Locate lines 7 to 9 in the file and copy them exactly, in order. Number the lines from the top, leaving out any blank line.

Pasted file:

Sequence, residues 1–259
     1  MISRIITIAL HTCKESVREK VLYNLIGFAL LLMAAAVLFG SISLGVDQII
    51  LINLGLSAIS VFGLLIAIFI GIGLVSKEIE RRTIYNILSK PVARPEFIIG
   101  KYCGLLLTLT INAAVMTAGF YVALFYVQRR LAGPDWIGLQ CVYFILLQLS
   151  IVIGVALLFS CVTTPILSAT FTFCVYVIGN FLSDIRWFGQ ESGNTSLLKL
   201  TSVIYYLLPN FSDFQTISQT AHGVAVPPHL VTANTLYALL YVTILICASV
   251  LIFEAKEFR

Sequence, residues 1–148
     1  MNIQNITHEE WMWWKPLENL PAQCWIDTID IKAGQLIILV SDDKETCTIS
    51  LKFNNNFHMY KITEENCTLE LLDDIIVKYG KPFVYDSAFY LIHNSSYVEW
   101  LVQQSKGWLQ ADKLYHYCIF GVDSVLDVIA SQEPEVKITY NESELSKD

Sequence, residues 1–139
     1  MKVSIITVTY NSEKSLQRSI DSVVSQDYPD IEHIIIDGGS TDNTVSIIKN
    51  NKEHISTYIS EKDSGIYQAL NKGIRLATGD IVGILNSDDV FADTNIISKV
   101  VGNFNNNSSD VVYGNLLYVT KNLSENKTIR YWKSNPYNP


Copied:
   251  LIFEAKEFR

Sequence, residues 1–148
     1  MNIQNITHEE WMWWKPLENL PAQCWIDTID IKAGQLIILV SDDKETCTIS